Legs mostly brown. Coxae brown; fore femora brown with prominent dark brown spines and dark brown bands on inner and outer sides; mid and hind femora brown with dark brown bands on inner and outer sides; fore and mid tibiae brown to pale brown; hind tibiae pale brown; tarsi pale brown becoming darker brown towards apex of claws.
Wings with fore wing costal veins green to pale brown; pterostigma brown; basal membranes orange-brown; veins CuA, CuP and M green to pale brown; other veins brown to dark brown; with eight apical cells. Hind wing veins pale brown or green, becoming darker on the posterior side of the apical cells; plaga surrounded by white to pink coloration anteriorly, otherwise transparent; with six apical cells.
Opercula broadly rounded, pale brown, with plates relatively flat.
Timbals with five long ribs; intercalary ribs present between all long ribs. Long ribs 1–3 attached to basal spur. Long rib 5 comparatively shorter. All ribs sclerotised, brown and well contrasted against timbal membrane.
Abdomen. Tergites reddish-brown, black anteriorly, with scattered silver pubescence. Sternites brown to reddish-brown, with broad dark brown bands along midline, each widening posteriorly; with scattered silver pubescence.
Genitalia. Pygofer dark brown to brown; dorsal beak dark brown to black; upper lobes prominent, with apices graduating to a defined point; basal lobes in lateral view subtly expressed with gradual rounded curvature, in ventral view relatively long and linear, broadly affixed to surrounding pygofer. Uncus brown, in lateral view extended and “duck beak”-like; claspers prominent, apices in ventral view broadly rounded. Aedeagus with pseudoparameres extending well beyond theca; endotheca fleshy; ventral support not extending to the same extent as endotheca.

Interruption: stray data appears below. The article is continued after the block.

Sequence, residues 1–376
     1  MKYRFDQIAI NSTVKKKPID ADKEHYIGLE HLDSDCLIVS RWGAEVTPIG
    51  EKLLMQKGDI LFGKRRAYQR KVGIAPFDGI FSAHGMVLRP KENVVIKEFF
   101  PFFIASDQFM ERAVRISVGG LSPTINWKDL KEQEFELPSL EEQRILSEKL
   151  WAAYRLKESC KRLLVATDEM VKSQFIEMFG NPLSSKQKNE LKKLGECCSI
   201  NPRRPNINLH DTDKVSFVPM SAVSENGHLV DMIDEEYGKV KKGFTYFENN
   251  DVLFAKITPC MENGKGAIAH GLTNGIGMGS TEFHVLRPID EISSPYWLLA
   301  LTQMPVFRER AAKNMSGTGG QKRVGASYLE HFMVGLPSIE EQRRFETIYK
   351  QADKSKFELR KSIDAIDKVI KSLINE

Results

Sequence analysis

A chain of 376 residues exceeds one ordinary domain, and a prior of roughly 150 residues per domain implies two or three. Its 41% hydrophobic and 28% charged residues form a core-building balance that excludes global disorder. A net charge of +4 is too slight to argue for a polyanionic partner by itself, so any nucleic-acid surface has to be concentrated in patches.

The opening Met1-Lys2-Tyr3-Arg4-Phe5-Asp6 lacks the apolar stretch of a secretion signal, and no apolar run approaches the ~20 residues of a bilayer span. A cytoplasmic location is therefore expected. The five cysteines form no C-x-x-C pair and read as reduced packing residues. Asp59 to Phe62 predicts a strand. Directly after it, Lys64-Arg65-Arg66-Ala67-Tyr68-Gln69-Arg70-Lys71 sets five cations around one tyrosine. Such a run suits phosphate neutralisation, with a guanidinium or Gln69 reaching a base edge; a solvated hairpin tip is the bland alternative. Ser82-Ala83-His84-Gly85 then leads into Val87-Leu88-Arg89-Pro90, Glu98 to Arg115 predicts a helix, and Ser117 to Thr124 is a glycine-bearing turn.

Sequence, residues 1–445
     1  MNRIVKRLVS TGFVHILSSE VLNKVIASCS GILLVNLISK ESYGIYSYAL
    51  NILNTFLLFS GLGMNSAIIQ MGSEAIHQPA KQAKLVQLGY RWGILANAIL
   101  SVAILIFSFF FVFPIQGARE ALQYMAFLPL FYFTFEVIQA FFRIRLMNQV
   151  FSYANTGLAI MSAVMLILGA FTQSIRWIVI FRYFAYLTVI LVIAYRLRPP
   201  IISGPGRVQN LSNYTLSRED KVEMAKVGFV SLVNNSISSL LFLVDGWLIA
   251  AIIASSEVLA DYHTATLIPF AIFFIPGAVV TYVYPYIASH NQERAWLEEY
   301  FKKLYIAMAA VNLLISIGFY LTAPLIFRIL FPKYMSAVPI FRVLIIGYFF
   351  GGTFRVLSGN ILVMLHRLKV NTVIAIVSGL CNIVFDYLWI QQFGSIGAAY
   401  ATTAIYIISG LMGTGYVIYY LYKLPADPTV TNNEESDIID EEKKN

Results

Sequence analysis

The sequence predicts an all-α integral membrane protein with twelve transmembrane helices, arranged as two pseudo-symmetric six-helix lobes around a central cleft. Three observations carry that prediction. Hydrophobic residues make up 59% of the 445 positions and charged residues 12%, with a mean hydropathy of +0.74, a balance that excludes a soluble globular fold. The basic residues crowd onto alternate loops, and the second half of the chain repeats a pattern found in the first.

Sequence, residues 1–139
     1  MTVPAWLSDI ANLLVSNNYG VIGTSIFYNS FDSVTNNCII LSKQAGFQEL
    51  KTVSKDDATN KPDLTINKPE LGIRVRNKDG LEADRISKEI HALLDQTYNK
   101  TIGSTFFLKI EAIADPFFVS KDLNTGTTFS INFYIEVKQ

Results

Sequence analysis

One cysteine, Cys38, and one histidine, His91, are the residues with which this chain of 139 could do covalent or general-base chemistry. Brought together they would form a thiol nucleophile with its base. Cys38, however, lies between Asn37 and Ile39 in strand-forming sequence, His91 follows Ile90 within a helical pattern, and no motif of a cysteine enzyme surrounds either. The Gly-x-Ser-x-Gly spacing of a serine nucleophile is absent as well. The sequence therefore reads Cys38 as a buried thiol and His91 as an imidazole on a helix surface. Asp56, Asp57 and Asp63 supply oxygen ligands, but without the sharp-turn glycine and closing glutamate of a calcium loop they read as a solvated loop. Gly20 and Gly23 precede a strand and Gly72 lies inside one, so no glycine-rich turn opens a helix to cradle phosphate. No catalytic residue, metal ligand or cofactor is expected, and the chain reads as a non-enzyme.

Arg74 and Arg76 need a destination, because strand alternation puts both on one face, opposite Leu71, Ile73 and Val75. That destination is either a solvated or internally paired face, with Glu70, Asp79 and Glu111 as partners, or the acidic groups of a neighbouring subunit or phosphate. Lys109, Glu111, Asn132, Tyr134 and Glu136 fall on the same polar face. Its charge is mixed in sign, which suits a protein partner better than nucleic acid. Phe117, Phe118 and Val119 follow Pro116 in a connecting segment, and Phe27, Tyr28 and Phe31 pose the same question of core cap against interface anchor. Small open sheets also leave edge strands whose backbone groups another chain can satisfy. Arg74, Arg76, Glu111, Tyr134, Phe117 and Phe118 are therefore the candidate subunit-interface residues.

Female. Markings and coloration identical to male. Abdominal segment 9 brown, with a broad, dark brown midline, extending dorsolaterally along anterior margin; ovipositor sheath extends 0.7–1.6 mm beyond termination of this segment.
Measurements. N= 10♂ 6♀. Means and ranges (in parentheses), mm; BL: ♂ 15.4 (14.1–16.5), ♀ 20.1 (18.9– 20.9); FWL: ♂ 20.9 (19.6–21.7), ♀ 24.2 (23.6–25.0); FWW: ♂ 6.6 (6.0–7.0), ♀ 7.7 (7.4–8.0); HW: ♂ 5.3 (4.9– 5.6), ♀ 6.2 (5.9–6.6); PW: ♂ 4.8 (4.5–5.1), ♀ 5.7 (5.4–6.1); AW: ♂ 4.8 (4.5–5.1), ♀ 5.5 (5.1–5.7).
Distinguishing features. This species is unusual within the genus Ewartia in that it lacks the brown median dorsal stripe present in most other species ( Fig. 2View FIGURE 2 F; c.f. Figs 2View FIGURE 2 A –E). The lack of this feature distinguishes it from E. etesia n. sp., E. lapidosa n. sp., E. oldfieldi n. sp., E. roberti n. sp. and E. thamna n. sp. In addition, E. carina n. sp. can be distinguished from E. cuensis by being mainly varied brown to dark brown, rather than uniformly green to yellow-brown. It can be distinguished from E. brevis most readily by the uniform brown colour of the pronotum. In contrast, E. brevis has a pale yellow-brown midline on the pronotum, which is bordered with black.